Added: These conclusions by Adam Selene deserve to be echoed:

Moraleja: no te metas con un blogger.
Moraleja 2: en la era de la información no puedes
evitar los comentarios negativos, ni tratarlos con métodos del siglo
XX. Sólo puedes contrarrestarlos con otros comentarios positivos, si
eres capaz de generarlos.
Moraleja 3: para un caso que tenga que ver con la red, búscate un abogado que entienda lo que es la red.
Moraelja 4: si pretendes ser una organización
"global", y no sabes cómo funciona Internet, mejor que cierres el
chiringuito. Todo te va a ir cada vez peor.

Bad news travels fast – and gets even worse

Monday, March 27, 2006 at 20:15 | Posted in Bloggers' rights, Blogosphere, Freedom of speech, Germany | 2 Comments
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The bizarre incident that hit the blogs during the weekend involving Moni, a German blogger bullyied by the non-profit NGO Transparency International – Deutschland e.V travels fast around the World. So far it has been covered at least in English, Estonian and Spanish. It has landed at least in North America and Far East. Even a corporate blog took interest in the case.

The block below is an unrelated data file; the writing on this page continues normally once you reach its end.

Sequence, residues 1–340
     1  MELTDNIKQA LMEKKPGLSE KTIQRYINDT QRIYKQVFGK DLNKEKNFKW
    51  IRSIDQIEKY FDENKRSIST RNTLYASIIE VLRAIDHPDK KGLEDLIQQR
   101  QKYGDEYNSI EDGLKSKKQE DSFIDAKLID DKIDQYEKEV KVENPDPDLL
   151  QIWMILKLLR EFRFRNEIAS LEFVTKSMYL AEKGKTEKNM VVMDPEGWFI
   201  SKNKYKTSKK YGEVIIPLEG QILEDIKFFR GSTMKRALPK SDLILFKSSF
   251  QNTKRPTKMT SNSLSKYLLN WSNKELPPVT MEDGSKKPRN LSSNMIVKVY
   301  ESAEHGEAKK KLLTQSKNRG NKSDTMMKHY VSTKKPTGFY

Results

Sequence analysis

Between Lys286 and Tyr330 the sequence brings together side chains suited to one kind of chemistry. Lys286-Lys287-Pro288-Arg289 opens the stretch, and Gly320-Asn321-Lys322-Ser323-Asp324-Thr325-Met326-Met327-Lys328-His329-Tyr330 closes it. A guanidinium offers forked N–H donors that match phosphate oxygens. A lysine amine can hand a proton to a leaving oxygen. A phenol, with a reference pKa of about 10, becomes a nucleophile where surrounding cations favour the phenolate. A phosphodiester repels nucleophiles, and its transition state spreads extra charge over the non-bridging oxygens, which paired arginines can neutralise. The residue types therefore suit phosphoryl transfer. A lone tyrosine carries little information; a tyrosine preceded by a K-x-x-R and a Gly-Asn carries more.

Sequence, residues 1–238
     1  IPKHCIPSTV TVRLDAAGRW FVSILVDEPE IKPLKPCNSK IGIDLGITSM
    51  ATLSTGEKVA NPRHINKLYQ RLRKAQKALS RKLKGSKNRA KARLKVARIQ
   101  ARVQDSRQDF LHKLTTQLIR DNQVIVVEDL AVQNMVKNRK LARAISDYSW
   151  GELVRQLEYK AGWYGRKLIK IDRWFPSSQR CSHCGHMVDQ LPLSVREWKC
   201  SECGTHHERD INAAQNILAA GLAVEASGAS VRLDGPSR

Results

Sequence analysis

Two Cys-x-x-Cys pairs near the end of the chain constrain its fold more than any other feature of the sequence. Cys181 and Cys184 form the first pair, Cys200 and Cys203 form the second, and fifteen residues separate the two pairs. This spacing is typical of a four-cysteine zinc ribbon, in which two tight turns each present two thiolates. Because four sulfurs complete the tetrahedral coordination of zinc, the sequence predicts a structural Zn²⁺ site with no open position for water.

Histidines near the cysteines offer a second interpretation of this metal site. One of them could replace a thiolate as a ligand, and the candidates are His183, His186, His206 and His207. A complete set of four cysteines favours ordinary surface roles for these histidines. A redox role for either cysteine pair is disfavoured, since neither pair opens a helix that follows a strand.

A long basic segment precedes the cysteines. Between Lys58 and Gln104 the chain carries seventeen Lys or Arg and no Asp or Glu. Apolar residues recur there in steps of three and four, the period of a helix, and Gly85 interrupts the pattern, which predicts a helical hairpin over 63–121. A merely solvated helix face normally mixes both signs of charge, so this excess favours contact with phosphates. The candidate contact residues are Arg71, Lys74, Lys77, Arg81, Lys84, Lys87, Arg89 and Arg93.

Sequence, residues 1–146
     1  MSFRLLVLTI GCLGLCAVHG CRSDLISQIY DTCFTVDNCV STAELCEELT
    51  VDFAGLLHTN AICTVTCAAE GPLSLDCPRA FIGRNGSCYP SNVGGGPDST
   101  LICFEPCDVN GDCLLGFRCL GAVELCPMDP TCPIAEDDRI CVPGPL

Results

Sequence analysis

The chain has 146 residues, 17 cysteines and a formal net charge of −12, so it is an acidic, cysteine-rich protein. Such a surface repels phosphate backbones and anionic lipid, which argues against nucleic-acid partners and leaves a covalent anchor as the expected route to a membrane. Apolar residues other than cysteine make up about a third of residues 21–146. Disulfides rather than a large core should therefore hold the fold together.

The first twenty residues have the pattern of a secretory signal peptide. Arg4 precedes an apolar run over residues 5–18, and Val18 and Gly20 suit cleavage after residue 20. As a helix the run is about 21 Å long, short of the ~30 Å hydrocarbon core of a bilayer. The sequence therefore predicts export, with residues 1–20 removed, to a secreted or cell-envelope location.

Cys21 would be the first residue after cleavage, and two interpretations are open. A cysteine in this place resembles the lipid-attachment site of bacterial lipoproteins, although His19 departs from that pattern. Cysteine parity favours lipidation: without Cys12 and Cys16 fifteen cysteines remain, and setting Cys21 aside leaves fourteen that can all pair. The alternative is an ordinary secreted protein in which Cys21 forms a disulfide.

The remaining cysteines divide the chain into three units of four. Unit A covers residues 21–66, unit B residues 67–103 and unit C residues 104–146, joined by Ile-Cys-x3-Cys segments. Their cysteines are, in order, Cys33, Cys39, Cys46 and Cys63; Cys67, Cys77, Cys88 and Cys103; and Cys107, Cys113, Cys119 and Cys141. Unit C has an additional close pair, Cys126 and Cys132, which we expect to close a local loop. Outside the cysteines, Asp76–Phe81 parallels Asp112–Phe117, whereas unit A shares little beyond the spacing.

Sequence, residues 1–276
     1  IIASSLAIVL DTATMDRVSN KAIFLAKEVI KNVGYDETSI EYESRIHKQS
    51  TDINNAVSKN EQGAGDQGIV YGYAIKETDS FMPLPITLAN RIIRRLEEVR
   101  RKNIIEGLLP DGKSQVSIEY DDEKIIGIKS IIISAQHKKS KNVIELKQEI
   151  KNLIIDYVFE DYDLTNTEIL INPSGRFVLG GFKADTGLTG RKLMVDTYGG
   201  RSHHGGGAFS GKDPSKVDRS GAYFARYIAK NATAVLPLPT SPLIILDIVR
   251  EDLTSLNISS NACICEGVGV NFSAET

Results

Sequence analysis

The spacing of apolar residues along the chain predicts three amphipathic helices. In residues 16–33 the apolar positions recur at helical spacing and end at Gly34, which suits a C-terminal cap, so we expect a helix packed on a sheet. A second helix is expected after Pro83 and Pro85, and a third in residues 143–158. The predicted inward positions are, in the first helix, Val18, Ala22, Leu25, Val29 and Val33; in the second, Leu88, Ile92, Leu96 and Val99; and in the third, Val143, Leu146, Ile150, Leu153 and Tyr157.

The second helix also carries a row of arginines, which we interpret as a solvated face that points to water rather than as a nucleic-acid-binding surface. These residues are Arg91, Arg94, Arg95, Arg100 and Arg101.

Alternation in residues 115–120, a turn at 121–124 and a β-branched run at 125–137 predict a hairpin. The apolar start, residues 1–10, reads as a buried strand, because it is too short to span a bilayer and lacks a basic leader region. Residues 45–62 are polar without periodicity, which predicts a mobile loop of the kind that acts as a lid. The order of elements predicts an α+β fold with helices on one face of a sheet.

Meanwhile in Berlin, the events have taken an even more bizarre turn. I suggested last night that the most constructive approach to this matter by Transparency International – Deutschland e.V would be that their manager, Mrs Dagmar Schröder and their lawyer and ethical adviser Prof. Dr. Jürgen Marten would sit down and seek a civilized way to solve this conflict. I am sorry to say that they have done the opposite.

As I read through Sapere (in English) and from Moni herself (auf Deutsch) the ethical professor and champion of transparency law, the honorable Prof. Dr. Jürgen Marten has sent another e-mail to Moni. This time he is accusing her of infringing his copyright by publishing his first intimidating e-mail!